39
 Reported Y2K Status of the 21 Largest U.S. Cities (GAO/AIMD-99-246R, July 15, 1999).
40
 In most cities, the majority of city services were scheduled to be completed before this
completion date. For example, Los Angeles planned to have all key city systems ready by
September 30, except for its wastewater treatment systems, which were expected to be
completed in November.




Page 16                                                                 GAO/T-AIMD-00-37
jurisdictions. One critical system—the National Crime Information Center
2000—is operated by the Federal Bureau of Investigation and provides law-
enforcement users in 80,000 U.S. and foreign agencies critical access to
information on criminal activities. Mr. Chairman, we recently briefed your
Subcommittee staff on the status of this system. While the Federal Bureau
of Investigation reported that its Year 2000 remediation, validation, and
implementation activities were completed for the National Crime
Information Center 2000, the readiness of five state-level partners was
uncertain. Specifically, in assessing the readiness of each state, Puerto
Rico, and the District of Columbia, the Bureau found that 47 were Year 2000
ready, but that five had not completed Year 2000 remediation at the time of
the assessment. The Bureau plans to continue reviewing the readiness
status of these five.

Recognizing the seriousness of the Year 2000 risks facing state and local
governments, the President’s Council on Year 2000 Conversion developed
initiatives to address the readiness of state and local governments. For
example:

• The Council established working groups on state and local governments
  and tribal governments.
• Council officials participate in monthly, multistate conference calls with
  state Year 2000 coordinators.
• In July 1998, March 1999, and October 1999 the Council, in partnership
  with the National Governors’ Association, convened Year 2000 summits
  with state and U.S. territory Year 2000 coordinators.
• On May 24, the Council announced a nationwide campaign to promote
  “Y2K Community Conversations” to support and encourage efforts of
  government officials, business leaders, and interested citizens to share
  information on their progress. To support this initiative, the Council
  developed and is distributing a toolkit that provides examples of which
  sectors should be represented at these events and issues that should be
  addressed.




Page 17                                                     GAO/T-AIMD-00-37
State-Administered Federal   Among the critical functions performed by states are the administration of
Human Services Programs      federal human services programs. As we reported in November 1998, many
                             systems that support state-administered federal human services programs
Are At Risk                  were at risk, and much work remained to ensure that services would
                             continue.41 In February of this year, we testified that while some progress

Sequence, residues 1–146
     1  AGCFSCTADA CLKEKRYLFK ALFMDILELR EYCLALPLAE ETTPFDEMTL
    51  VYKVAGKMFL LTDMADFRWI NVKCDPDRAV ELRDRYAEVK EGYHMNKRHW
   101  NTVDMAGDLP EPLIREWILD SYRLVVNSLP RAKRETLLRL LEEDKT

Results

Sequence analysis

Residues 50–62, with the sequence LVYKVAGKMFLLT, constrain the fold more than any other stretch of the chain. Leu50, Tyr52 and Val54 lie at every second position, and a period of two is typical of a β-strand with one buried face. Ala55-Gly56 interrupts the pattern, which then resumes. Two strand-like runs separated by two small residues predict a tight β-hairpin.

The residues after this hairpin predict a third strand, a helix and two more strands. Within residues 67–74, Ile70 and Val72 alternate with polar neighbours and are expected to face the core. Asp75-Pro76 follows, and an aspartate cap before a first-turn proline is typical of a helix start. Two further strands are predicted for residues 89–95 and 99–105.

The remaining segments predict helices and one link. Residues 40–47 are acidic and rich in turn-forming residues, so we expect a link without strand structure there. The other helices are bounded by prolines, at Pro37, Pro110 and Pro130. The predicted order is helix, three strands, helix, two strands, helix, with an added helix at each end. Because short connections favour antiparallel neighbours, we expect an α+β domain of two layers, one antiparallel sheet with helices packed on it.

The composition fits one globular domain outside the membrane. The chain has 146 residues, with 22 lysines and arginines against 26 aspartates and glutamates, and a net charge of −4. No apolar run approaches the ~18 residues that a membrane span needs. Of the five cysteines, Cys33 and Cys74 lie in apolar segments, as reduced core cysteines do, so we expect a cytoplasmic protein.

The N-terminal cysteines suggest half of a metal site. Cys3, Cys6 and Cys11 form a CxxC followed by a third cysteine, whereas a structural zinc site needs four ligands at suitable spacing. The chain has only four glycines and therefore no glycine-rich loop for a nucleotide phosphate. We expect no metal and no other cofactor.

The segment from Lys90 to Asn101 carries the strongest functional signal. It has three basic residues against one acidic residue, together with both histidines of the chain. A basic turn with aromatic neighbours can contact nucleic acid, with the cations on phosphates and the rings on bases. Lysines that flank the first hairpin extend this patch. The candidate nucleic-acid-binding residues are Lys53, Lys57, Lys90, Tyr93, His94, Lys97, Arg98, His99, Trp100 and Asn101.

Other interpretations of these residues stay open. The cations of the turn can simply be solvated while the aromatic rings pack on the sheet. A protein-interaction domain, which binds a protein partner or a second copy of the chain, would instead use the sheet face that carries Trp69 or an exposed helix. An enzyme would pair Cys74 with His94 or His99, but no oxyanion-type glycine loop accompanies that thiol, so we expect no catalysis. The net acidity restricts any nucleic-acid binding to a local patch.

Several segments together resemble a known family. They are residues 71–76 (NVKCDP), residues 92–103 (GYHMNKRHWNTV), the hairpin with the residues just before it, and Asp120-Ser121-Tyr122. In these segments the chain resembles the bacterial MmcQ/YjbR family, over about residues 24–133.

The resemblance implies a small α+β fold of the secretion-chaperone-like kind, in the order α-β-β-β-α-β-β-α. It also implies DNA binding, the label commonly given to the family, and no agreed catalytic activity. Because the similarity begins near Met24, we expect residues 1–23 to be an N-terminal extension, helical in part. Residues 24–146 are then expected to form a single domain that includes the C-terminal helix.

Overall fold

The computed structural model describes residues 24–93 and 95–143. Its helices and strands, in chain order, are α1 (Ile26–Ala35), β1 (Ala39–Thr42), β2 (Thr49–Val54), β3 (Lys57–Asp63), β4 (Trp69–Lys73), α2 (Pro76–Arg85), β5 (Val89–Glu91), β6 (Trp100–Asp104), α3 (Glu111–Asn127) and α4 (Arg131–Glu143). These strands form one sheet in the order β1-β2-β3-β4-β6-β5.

had been achieved, many states’ systems were not scheduled to become
                             compliant until the last half of 1999.42 Accordingly, we concluded that,
                             given these risks, business continuity and contingency planning was even
                             more important in ensuring continuity of program operations and benefits
                             in the event of systems failures.

                             Subsequent to our November 1998 report, OMB directed federal oversight
                             agencies to include the status of selected state human services systems in
                             their quarterly reports. Specifically, in January 1999, OMB requested that
                             agencies describe actions to help ensure that federally supported, state-run
                             programs will be able to provide services and benefits. OMB further asked
                             that agencies report the date when each state’s systems will be Year 2000-
                             compliant.

                             Table 3 summarizes the latest information on state-administered federal
                             human services programs reported by OMB on September 13, 1999. 43 The
                             table indicates that while many states44 reported their programs to be
                             compliant, a number did not plan to complete Year 2000 efforts until the
                             last quarter of 1999. For example, nine states did not expect to be
                             compliant until the last quarter of 1999 for Child Support Enforcement,
                             seven states for Food Stamps, and four states for Unemployment
                             Insurance. Moreover, Year 2000 readiness information was unknown in
                             many cases. For example, according to OMB, the status of 16 states’ Low

                             41
                               Year 2000 Computing Crisis: Readiness of State Automated Systems to Support Federal
                             Welfare Programs (GAO/AIMD-99-28, November 6, 1998).